A small Pennsylvania university is aiming to be America’s best institution for video gamers as it taps into the booming college e-sports industry.
Despite having just 750 full-time undergraduate students, Harrisburg University describes itself as a "trailblazer in a rising industry", with an ever increasing number of schools exploring e-sports.
The University has devoted all its efforts into making its single competitive sports team – the HU Storm – the best team of gamers in the country, in the hope of making it as attractive a destination as any of the historic sporting powerhouses for prospective students with an interest in e-sports.
Its efforts appear to be paying off – the university won the first ever ESPN Collegiate Esports Championship – founded by the cable network this year in response to the growth of e-sports spreading across college campuses.
E-sports, which refers to multi-player video game competitions, is slowly being introduced into the American college sports offering.
The National Association of Collegiate Esports (NACE) formed in July 2016, with just seven colleges and universities offering esports programmes.
The popularity has rapidly grown since then, with more than 170 institutions now offering varsity programmes.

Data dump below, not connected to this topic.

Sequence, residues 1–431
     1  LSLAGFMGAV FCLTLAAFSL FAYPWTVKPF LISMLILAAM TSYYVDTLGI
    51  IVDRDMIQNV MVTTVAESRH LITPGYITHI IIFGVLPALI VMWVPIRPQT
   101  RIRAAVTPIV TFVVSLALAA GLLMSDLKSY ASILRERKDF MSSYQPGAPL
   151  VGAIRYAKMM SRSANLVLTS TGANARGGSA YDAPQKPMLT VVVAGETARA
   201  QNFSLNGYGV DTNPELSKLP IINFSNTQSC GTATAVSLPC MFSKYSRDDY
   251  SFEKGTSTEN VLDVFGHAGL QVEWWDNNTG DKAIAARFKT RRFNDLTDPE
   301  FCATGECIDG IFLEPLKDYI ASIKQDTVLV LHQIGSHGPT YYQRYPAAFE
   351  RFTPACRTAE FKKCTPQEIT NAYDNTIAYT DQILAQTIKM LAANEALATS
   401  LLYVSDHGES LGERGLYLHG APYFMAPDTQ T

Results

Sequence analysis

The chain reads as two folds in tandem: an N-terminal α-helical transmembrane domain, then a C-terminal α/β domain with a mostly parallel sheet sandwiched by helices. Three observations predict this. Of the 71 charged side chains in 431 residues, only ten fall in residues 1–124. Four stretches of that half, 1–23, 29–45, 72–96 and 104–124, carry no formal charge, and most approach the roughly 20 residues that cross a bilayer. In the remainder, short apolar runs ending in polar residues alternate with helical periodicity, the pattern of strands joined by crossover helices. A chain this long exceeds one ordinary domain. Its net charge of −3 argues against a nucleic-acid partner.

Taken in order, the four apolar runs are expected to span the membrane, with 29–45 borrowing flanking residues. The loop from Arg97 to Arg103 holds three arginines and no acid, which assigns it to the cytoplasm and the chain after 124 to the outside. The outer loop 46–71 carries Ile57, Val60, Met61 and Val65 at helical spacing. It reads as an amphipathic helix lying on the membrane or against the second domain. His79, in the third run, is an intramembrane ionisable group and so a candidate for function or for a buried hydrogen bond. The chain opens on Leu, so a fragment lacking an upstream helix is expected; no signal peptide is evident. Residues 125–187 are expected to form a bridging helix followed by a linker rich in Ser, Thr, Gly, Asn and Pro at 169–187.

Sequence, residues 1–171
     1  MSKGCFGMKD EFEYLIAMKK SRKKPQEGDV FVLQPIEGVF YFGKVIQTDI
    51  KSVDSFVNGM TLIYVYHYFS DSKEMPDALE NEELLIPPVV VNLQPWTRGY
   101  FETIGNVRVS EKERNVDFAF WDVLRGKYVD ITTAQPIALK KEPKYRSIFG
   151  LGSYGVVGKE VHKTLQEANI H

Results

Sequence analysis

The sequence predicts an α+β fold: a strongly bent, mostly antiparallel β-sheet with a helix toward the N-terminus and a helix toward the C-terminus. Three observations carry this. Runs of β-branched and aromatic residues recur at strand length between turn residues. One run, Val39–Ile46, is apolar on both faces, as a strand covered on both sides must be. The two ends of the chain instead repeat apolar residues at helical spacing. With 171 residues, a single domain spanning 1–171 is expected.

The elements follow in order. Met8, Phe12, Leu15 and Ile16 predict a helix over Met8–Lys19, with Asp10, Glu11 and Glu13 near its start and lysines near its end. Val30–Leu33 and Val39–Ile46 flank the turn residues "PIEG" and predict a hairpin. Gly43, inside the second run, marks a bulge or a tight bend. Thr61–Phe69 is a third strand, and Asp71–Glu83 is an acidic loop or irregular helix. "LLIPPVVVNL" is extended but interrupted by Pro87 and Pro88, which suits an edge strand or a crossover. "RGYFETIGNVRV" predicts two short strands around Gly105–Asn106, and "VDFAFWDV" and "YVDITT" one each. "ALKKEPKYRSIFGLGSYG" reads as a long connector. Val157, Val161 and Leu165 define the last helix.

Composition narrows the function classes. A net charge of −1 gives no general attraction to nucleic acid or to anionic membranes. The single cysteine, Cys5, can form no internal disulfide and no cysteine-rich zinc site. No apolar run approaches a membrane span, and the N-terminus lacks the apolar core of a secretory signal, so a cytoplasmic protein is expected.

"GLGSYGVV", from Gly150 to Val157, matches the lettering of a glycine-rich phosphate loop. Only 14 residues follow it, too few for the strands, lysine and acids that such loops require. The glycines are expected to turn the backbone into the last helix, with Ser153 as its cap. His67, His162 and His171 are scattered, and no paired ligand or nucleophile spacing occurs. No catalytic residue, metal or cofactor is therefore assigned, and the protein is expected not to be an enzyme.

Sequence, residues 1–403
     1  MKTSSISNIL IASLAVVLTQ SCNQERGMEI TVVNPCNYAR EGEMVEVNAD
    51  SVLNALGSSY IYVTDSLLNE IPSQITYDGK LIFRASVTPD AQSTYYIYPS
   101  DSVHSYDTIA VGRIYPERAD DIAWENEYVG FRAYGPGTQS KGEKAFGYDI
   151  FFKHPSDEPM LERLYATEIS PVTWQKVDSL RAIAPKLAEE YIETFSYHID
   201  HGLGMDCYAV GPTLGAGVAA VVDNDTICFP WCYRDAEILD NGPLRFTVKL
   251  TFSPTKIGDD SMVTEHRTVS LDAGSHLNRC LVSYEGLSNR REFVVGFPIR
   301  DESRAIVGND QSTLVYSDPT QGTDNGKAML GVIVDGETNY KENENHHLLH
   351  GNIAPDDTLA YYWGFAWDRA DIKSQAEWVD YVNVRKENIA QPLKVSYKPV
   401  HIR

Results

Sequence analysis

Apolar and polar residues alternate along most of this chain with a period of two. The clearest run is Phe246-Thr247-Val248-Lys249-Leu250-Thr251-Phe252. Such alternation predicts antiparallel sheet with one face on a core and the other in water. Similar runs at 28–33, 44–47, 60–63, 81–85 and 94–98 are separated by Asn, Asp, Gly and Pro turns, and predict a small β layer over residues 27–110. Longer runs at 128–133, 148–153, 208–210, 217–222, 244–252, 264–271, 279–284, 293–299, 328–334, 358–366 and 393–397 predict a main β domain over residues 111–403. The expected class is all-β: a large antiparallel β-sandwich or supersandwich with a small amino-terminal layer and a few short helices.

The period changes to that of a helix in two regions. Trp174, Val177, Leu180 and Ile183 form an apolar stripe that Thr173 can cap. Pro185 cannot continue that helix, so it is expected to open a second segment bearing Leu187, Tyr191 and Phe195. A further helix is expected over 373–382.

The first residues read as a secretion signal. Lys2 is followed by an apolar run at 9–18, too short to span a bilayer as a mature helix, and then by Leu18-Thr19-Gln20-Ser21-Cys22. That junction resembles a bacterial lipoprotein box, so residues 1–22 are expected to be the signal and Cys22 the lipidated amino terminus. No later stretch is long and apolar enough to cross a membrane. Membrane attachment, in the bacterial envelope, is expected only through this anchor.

College sports are a serious business in the US – college football is thought to be the country’s third most popular sport – and the national collegiate competitions are estimated to bring in around $1bn in revenue a year.
While the traditional sporting universities have been focused on maintaining their dominance over physical sports, Harrisburg saw an opportunity to make a name for itself in a new arena.
It began heavily investing in its e-sports programme in 2017, with a total annual budget now around $2million, and has built a state-of-the-art e-sports training facility, boasting "world-class coaches" and an "arena that will blow your mind".
It offers 22 players full tuition scholarships each year along with a housing allowance. The gamers get to practice in specially designed chairs, with massage therapy balls and cutting-edge technology – and the chance to compete in tournaments offering as much as $50,000 in prize money.
In return, they must commit to a rigorous schedule which includes maintaining good academic grades, compulsory physical exercise sessions and strict meal plans on top of the four-hour daily gaming practices.
Harrisburg is by no means alone – a handful of smaller universities in the US have begun using their e-sports to attract students who might otherwise go elsewhere.
Victoria Horsley, from NACE, said smaller universities are eager to add the e-sporting programmes because it helps with student recruitment. “They see e-sports is popular so they want to jump in and try to grab all the students in their market as soon as they can,” she told the Washington Post.
While Harrisburg has succeeded in putting itself on the national e-sports map, Chad Smeltz, the team’s program director, told the newspaper he is looking forward to big universities getting involved.
“When they get in, depending on the school, there will probably be an attitude of, you know, ‘We’re Penn State’ or we’re this or whatever, ‘and we’re going to be the best.’ And they’re not going to be the best right off the bat, because it takes a lot of work to start up," he said. “It’s going to be kind of funny to see that adaptation.”